“Shoeless” Joe Jackson. Anyone who knows his history can easily shake their head in amazement at some of his career numbers. Among his accomplishments – a .408 batting average in his first full big league season (1911), and a .356 lifetime average – the third-highest of all-time.
But the numbers 1919 define much of Jackson, the outfielder from South Carolina with the sweet swing that the legendary slugger Babe Ruth virtually copied since he thought it was the best.
In the 1919 World Series, Jackson and seven of his Chicago White Sox teammates directly or indirectly took money from gamblers and conspired to lose that Fall Classic against the Cincinnati Reds, or, if nothing else, they at least knew of the fix and did not promptly notify White Sox ownership of the plot. The “Black Sox,” of course, lost that matchup to the Reds.
An in-depth investigation about the alleged scheme started in 1920, and near the end of that big league regular season, White Sox owner Charles Comiskey indefinitely suspended the players in question, while the authorities scrutinized the scandal charges. Those impacted were Jackson, Fred McMullin, Swede Risberg, Eddie Cicotte, Happy Felsch, Buck Weaver, Lefty Williams and Chick Gandil.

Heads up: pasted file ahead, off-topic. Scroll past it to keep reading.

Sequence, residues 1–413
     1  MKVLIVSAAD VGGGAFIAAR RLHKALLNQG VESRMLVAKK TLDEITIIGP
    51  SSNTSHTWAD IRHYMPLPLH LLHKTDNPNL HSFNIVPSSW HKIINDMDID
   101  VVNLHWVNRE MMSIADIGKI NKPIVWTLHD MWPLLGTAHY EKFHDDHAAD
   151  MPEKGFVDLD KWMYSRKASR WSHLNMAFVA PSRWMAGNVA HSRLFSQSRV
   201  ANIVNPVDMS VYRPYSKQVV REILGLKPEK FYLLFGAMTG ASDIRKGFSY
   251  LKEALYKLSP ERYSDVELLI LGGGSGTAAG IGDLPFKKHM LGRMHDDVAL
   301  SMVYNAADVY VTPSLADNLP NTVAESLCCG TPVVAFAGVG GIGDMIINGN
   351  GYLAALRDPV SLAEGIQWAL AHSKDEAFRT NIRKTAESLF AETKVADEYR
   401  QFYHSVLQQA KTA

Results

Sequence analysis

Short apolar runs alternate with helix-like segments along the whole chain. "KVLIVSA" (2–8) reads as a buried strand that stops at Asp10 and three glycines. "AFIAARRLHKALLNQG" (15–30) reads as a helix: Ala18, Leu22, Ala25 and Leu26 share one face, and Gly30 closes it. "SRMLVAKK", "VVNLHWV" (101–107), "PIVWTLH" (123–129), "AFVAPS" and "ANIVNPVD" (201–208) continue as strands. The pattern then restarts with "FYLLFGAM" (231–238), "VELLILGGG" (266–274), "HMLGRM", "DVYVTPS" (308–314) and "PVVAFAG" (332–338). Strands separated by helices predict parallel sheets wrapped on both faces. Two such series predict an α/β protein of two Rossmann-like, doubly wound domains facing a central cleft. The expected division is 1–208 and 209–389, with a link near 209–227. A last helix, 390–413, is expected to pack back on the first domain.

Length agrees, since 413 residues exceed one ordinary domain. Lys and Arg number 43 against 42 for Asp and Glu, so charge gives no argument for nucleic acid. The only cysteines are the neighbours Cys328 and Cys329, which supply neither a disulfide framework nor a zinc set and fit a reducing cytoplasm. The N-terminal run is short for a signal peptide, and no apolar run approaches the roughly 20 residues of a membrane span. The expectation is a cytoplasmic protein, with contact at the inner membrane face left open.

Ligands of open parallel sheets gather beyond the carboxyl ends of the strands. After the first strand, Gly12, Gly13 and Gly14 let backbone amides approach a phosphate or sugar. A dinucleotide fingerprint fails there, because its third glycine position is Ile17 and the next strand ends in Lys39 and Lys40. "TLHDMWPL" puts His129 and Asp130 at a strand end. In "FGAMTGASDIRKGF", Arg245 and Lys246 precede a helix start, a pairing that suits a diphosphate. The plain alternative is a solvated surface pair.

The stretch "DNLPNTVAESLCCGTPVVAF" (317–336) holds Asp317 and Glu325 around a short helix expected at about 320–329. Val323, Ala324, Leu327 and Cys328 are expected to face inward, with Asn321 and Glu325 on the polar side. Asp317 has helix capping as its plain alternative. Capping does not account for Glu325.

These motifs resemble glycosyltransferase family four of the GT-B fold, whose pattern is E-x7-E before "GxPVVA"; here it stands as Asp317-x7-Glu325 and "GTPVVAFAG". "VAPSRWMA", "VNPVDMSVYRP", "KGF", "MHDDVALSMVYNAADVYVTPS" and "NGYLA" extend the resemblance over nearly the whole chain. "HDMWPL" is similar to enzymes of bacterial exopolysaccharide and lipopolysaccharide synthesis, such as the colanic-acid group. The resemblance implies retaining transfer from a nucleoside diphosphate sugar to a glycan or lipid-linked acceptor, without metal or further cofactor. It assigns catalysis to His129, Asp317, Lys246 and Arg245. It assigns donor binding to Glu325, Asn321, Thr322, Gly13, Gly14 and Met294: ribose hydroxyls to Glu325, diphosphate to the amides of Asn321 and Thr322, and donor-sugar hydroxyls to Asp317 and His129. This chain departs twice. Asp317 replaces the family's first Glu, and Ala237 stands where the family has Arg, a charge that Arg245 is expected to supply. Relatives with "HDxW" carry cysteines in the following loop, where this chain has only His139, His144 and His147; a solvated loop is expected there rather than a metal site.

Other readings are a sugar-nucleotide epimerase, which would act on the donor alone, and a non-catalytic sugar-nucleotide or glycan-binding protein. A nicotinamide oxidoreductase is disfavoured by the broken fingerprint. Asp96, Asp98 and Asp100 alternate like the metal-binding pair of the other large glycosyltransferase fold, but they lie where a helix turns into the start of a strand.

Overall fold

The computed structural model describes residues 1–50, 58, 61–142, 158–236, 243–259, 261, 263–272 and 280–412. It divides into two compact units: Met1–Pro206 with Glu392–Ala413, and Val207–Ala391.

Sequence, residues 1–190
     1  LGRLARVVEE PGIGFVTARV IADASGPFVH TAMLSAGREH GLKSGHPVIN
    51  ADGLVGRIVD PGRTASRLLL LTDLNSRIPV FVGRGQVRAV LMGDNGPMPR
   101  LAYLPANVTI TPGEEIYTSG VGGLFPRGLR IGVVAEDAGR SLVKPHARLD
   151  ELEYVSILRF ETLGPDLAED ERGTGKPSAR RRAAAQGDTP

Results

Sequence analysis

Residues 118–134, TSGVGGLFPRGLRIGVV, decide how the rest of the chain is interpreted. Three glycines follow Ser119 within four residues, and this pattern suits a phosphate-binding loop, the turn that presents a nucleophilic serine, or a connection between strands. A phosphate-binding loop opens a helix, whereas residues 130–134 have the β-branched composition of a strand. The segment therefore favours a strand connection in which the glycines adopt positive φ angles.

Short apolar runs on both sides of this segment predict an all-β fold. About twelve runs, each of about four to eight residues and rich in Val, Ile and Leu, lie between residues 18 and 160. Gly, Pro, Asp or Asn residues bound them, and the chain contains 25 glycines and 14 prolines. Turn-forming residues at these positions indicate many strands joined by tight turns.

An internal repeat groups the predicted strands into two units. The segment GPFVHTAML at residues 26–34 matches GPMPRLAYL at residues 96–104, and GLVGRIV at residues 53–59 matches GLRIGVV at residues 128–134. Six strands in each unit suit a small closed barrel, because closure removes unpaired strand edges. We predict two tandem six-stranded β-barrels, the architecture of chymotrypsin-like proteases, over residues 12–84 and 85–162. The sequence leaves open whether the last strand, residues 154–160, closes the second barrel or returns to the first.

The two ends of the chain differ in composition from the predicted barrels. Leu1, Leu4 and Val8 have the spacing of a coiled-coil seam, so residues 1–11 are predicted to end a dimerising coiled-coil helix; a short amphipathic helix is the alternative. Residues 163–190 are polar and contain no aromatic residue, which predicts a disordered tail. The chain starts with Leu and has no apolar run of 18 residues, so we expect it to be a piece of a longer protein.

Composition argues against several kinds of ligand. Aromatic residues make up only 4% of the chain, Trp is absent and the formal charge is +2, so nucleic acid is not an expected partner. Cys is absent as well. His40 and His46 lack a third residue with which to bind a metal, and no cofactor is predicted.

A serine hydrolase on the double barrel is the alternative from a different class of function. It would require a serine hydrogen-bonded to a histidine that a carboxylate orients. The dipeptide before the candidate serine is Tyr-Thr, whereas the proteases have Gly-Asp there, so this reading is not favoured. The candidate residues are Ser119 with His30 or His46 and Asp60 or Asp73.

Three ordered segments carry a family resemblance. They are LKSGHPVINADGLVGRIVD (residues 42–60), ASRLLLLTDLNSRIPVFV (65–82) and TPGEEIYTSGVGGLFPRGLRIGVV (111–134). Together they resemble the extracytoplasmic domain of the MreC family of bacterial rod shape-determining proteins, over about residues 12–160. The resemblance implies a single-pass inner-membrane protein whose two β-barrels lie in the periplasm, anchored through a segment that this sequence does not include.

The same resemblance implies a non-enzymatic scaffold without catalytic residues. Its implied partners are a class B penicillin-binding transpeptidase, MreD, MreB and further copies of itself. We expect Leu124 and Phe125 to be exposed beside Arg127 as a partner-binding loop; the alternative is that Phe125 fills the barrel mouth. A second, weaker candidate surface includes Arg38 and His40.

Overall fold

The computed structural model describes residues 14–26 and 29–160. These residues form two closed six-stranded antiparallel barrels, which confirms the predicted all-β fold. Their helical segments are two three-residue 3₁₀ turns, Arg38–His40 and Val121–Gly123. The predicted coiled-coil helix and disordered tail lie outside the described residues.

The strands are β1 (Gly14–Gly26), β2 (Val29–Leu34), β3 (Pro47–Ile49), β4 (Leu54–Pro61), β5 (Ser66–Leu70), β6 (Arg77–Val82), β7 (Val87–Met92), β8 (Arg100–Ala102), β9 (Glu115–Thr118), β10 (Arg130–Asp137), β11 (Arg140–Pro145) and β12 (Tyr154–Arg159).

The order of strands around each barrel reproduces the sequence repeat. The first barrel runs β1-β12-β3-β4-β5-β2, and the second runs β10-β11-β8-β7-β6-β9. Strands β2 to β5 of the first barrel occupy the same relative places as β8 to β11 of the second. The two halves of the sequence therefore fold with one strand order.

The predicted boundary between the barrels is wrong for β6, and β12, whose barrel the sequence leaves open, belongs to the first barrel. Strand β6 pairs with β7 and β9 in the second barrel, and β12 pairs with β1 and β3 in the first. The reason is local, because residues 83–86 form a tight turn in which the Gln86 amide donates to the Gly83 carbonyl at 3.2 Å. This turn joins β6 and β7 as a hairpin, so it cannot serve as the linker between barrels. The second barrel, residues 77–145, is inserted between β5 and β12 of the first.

Even though the players were ultimately acquitted in court, in 1921, Judge Kenesaw Mountain Landis, Major League Baseball’s first Commissioner, sent a strong anti-gambling message across the sport and permanently banned those eight players from pro baseball forever.
The ban also essentially barred Jackson, who some say received his nickname from playing in a single game in his socks since new cleats gave him blisters, from a “lock” on a plaque in Cooperstown.
While the Sox in question were definitely “eight men out” as far as big league baseball was concerned, their stories and collectibles have earned a permanent place in many hobbyist’s hearts, minds and collections.
“I like the mystique of the Black Sox,” said Steve Falletti, a longtime Sox collector. “Eddie Cicotte (items) got me started; he was going to be a great pitcher.”
Cicotte and “Lefty” Williams were the two Chicago hurlers from that infamous 1919 squad, with first baseman Gandil, shortstop Risberg, third-sacker Weaver, outfielder Felsch and utility infielder McMullin rounding out the “rogue’s gallery” that Jackson “led” only in name recognition.